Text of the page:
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hdraw through the mountains with our large trains. When I left General Lee on the night of the 1st, I believed he had made up his mind to attack, but was confident that he had not yet determined a5,000;--these are our highest figures and the enemy's lowest. We had learned on the night of the 1st, from some prisoners captured near Seminary Ridge, that the First, Eleventh, and Third corps had d not be expected to fail to seek it. As to Ewell's failure to prosecute the advantage won on the 1st, there is little to be said, as the Commanding-General was on the field. I merely quote from hise, which I now proceed to disprove. I have said that I left General Lee late in the night of the 1st, and that he had not then determined when the attack should be made; that I went to his headquartI quote in this connection the order that I issued to the heads of departments in my corps on the 1st. I present the order issued to Colonel Walton of the artillery, similar orders having been issue
f my corps occupied the same positions as on the 2d. I was directed to hold my line with Anderson'sginning Our artillery, etc., should read: On the 2d, Colonel Alexander's battalion being at the heade corps was not together, as was the case on the 2d. On the 3rd, Colonel Alexander's special serv co-operation of Generals Ewell and Iill, on the 2d, by vigorous assault at the moment my battle wasordered me to attack the enemy at sunrise on the 2d. General J. A. Early has, in positive terms, ind order for attack on the enemy at sunrise on the 2d, nor can I belive any such order was issued by Ge continued in position until the morning of the 2d, when I received orders to take up a new line ofinforced General Johnson during the night of the 2d, ordered him forward early the next morning. Ineral Lee to attack until about 11 o'clock on the 2d; that I immediately began my dispositions for atl Halleck in cipher just before my battle on the 2d: If not attacked, and I can get any positive inf[1 more...]
pending the absence of Colonel Walton, chief of artillery. On the 3rd, Colonel Alexander being an officer of unusual promptness, sagacity, entire corps was not together, as was the case on the 2d. On the 3rd, Colonel Alexander's special service, after seeing that the batterieI quote General Fitzhugh Lee, who says, speaking of the attack on the 3d: He told the father of the writer (his brother) that he was controlleivision should not have been ordered to assault Cemetery Ridge on the 3d, as we had already tested the strength of that position sufficiently e. General Meade in his official report, says: On the morning of the 3d, General Geary, having returned during the night, attacked at early d Hood's and McLaws' divisions to the attack opened by Pickett, on the 3d: A reading of the testimony before the committee on the conduct 408) will show that General Meade fully anticipated my attack on the 3d, and was determined, if we moved our army in a direct column of assau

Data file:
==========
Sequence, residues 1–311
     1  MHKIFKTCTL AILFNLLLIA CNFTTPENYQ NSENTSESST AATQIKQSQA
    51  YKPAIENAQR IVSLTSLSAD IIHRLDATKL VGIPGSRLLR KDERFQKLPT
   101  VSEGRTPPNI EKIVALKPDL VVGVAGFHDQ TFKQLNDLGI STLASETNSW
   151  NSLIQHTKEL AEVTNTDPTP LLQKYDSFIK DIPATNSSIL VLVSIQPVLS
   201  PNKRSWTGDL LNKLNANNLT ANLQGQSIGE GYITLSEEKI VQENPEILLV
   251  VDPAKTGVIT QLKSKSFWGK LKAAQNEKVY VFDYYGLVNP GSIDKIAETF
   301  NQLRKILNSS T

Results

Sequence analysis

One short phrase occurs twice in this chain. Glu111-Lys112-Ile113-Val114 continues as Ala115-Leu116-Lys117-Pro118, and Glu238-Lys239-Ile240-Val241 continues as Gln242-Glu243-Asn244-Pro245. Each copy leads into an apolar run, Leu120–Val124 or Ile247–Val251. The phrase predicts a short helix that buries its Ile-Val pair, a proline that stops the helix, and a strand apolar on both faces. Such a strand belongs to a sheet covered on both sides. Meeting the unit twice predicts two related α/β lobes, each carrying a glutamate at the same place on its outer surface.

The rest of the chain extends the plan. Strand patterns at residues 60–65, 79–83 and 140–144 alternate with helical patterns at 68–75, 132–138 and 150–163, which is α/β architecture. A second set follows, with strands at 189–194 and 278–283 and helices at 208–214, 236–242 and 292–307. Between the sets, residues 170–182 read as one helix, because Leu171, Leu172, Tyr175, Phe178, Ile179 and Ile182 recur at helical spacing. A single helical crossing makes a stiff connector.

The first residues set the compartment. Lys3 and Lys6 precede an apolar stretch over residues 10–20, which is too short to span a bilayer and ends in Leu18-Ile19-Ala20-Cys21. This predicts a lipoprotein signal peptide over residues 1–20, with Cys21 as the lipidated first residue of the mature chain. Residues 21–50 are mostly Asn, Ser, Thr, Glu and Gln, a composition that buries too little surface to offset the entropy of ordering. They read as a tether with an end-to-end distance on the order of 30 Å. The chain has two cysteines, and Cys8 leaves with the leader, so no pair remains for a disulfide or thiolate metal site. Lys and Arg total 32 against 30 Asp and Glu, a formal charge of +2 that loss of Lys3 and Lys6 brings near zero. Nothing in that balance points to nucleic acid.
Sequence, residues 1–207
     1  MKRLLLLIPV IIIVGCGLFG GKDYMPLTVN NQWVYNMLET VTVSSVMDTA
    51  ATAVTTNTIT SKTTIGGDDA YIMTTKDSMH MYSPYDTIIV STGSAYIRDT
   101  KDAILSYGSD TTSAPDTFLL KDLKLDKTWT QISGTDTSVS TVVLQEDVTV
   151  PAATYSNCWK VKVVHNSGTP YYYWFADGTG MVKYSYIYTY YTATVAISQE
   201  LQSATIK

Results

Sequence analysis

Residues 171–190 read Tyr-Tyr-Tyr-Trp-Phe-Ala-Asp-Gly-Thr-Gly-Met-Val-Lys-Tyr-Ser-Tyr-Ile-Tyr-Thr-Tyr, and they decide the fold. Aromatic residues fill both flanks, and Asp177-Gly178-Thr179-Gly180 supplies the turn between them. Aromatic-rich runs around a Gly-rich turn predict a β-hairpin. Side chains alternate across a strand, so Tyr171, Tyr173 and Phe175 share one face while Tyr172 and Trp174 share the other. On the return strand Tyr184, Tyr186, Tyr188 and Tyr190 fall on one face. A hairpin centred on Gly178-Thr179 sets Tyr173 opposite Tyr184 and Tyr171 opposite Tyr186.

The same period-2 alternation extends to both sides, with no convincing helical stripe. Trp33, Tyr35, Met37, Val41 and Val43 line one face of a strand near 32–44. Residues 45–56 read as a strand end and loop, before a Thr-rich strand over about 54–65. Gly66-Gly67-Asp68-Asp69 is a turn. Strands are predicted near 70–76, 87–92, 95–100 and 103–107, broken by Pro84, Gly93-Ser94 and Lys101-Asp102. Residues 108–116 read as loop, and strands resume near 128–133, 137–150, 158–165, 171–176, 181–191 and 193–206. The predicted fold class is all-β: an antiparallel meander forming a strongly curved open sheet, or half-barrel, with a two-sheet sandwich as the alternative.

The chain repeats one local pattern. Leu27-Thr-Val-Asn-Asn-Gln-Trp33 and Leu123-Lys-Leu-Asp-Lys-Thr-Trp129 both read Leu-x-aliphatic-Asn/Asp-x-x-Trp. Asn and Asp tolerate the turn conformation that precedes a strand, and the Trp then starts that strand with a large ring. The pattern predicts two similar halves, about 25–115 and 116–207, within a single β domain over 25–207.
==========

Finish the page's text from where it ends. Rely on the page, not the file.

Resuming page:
s right, my brave fellows; stand your ground, and we will presently serve these chaps as they have us. For, by all the rules of warfare, the Federal troops should (as I expected they would) have marched against our shattered columns, and sought to cover our army with an overwhelming defeat. General Trimble being wounded, I was again thrown in command of the division, and with Lowrance's brigade and my own, under command of Colonel Avery, moved back to the rear of Thomas and Perrin on the 4th. There was skirmishing at intervals that day, and at dark we commenced falling back in the direction of Fairfield, Captain W. T. Nicholson, of the Thirty-seventh, being left in command of the skirmishers from my brigade. We formed line of battle at Hagerstown, id., on the 11th, and threw up breastworks along our entire front. Next day the Light division was consolidated with Heth's, and the whole being put under the command of General Heth, I again returned to the command of my brigade.
r, to repeat, that our campaign should be one of offensive strategy, but defensive tactics. Upon this understanding my assent was given, and General Lee, who had been kind enough to discuss the matter with me patiently, gave the order of march. The movement was begun on the 3d of June. McLaws' division of my corps moved out of Fredericksburg for Culpeper Courthouse, followed by Ewell's corps on the 4th and 5th of June. Hood's division and Stuart's cavalry moved at the same time. On the 8th we found two full corps (for Pickett's division had joined me then) and Stuart's cavalry concentrated at Culpeper Courthouse. In the meantime a large force of the Federals, cavalry and infantry, had been thrown across the Rappahannock and sent to attack General Stuart. They were encountered at Brandy Station on the morning of the 9th, and repulsed. General Lee says of this engagement: On the 9th a large force of Federal cavalry, strongly supported by infantry, crossed the Rappahannock at